Installing and operating a DMO

Design Management Office

Installing and operating a DMO

Three steps to design management nirvana.

John Devanney October 23, 2017

After gaining a deeper understanding of the elements that make up the Design Management Framework, you’ll probably realize that no two Design Management Offices will operate in the same way. However, if you’re in search of a clear path to design management nirvana, consider the three steps to installing your own DMO: Assess, Propose, and Operate.

While you might already be managing a large team, understanding the groundwork you’ve laid is the first step. From there, you’ll be able to evaluate and design the best approach with business priorities in mind. Lastly, the ongoing operation of a DMO takes dedication in order for it to have real impact on your organization.

Setting up a Design Management Office won’t happen overnight and that’s OK—just remember any large organizational change takes time.


The first step to creating a Design Management Office is to make an honest assessment of the current state of your design operations. Start with our assessment survey on your own to capture your perspective on your organization’s strengths and weaknesses. After completing your assessment, gather teams, stakeholders, and partners and have these groups also assess design’s impact in the same way.

Once you’ve gathered these valuable assessments, synthesize the information and highlight areas where stakeholders agree and disagree on opportunities for improvement and share with those involved.


Start delivering design at scale right now.

Take the Design Management Office Assessment Survey to uncover opportunity areas at your organization. After completing the survey, you’ll get a free download the book, The Design Management Office: A guidebook for delivering design at scale.


Once you’ve fully assessed your design operations with the proper teams, you can roadmap the best DMO approach against your business priorities. Again, use the Design Management Framework as a guide.

You might choose to go stage-by-stage tackling the Definition components, the Equip ones, then onto the Connect phase. Or you might want to address all of the Process components, then move onto People, then Projects. Or maybe your assessment uncovers strengths in certain areas and weaknesses in others. Place your focus on laying the groundwork, then find ways to distinguish the areas where you’ll place resources.


After you land on an approach, outline the ROI you anticipate from your effort and roadmap more projects that will help you achieve your intended marks. Determine what your DMO team or structure looks like. It could be a long-standing dedicated team or a project-by-project task force. Secure a budget that corresponds (this could mean time or actual funding to hire outside consultants), socialize your plans with the company, get approval, then staff your DMO projects. Once your plan is in place, move on to operating your DMO.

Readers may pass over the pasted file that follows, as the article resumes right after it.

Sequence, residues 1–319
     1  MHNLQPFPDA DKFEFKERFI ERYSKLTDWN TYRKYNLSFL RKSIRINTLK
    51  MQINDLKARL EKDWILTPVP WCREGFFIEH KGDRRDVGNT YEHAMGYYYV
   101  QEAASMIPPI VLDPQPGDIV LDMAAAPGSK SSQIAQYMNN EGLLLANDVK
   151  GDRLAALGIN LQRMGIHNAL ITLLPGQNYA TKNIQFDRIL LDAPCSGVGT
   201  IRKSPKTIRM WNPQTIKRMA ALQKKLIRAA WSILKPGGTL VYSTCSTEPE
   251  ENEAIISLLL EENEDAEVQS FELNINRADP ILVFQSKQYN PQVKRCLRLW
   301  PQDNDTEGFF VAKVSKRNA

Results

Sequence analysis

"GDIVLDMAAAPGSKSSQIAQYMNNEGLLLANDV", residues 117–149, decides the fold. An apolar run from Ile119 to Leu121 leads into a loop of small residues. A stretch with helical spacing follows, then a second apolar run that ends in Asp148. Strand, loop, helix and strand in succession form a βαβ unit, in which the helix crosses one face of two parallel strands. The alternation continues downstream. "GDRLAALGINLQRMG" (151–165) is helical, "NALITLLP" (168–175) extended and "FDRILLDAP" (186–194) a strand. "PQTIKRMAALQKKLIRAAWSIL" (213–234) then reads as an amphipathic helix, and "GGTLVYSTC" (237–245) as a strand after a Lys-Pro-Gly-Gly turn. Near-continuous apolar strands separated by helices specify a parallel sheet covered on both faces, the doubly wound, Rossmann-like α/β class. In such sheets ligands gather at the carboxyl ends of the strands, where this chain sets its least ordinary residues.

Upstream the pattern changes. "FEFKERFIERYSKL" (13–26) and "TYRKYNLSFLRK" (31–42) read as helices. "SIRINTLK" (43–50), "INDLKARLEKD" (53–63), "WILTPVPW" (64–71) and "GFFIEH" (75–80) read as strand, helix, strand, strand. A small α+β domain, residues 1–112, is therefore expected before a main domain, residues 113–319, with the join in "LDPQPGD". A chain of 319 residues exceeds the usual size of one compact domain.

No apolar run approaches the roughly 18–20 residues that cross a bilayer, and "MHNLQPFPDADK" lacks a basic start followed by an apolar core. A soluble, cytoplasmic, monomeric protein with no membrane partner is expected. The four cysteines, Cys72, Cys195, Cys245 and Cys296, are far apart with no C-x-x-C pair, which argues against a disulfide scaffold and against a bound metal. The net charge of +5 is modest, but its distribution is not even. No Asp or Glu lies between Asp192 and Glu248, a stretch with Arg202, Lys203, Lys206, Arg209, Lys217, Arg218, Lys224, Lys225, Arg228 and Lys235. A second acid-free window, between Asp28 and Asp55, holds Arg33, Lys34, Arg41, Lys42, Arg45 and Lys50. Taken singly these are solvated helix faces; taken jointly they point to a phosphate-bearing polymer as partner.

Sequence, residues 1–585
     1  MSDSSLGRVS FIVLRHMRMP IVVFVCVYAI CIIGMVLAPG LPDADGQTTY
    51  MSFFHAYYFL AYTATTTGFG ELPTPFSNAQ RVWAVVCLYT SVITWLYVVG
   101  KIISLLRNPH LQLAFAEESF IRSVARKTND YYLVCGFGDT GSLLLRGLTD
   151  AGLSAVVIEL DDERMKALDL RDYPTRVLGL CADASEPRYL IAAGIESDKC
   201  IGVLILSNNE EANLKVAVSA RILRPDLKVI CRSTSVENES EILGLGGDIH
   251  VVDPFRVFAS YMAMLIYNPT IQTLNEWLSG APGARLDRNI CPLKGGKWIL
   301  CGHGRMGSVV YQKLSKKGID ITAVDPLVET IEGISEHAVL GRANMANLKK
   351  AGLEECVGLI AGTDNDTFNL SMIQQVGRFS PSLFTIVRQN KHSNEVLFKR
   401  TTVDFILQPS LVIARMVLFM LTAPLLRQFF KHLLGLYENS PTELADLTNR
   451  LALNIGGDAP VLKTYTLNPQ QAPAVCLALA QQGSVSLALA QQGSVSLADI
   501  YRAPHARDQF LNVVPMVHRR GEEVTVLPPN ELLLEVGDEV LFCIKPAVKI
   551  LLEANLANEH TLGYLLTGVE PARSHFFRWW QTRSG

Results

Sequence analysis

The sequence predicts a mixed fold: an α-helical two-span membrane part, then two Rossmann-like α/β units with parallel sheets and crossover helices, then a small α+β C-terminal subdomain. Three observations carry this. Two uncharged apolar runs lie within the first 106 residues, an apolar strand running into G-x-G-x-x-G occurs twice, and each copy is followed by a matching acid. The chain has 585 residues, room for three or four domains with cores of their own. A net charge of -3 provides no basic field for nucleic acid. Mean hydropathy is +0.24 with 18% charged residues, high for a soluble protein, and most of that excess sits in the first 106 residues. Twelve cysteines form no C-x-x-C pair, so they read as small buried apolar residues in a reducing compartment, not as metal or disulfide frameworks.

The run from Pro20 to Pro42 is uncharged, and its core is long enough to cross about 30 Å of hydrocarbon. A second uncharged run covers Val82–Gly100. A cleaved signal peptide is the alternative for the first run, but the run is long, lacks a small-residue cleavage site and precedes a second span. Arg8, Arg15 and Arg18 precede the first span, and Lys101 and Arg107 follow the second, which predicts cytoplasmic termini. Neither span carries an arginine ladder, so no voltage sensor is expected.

We’ve seen organizations run projects to improve elements of the Design Management Framework, only to fall short later on. Why? Because they fail to set up structures to execute ongoing improvements and they don’t communicate their efforts. Much of the expected value of the DMO will come as a result of on-going operation and maintenance efforts.

To make sure you don’t fall victim to the same mistakes, define a staffing and operations model for your DMO and socialize it with the organization. Decide who will be responsible for which components. Determine if you’ll hire into special fulltime positions or look to outside consultants to help you set up and run your DMO in the long-term. It’s important that these are clearly stated from the outset. From there, install and assimilate your dedicated team. Establish an onboarding model for project-by-project team members so they completely understand the tasks at hand and create a system of regular communication and reporting.

Following your proposal or roadmap, run individual projects to improve capabilities, measure and communicate their value, and iterate on the operating model as needed. As you run projects, part of properly operating a DMO is to do a temperature check. Ask, “How are things going?” Periodically gather the same group that completed the DMO assessment to see how you’ve improved or if there are areas where even more focus is needed.

The payoff

A successful Design Management Office should:

  • Increase the leverage of design teams by shaping projects faster and more effectively
  • Improve quality by setting standards and constantly iterating on them
  • Help build and retain a high-performing design staff
  • Communicate the value of design in terms that business stakeholders understand


John Devanney

Managing Director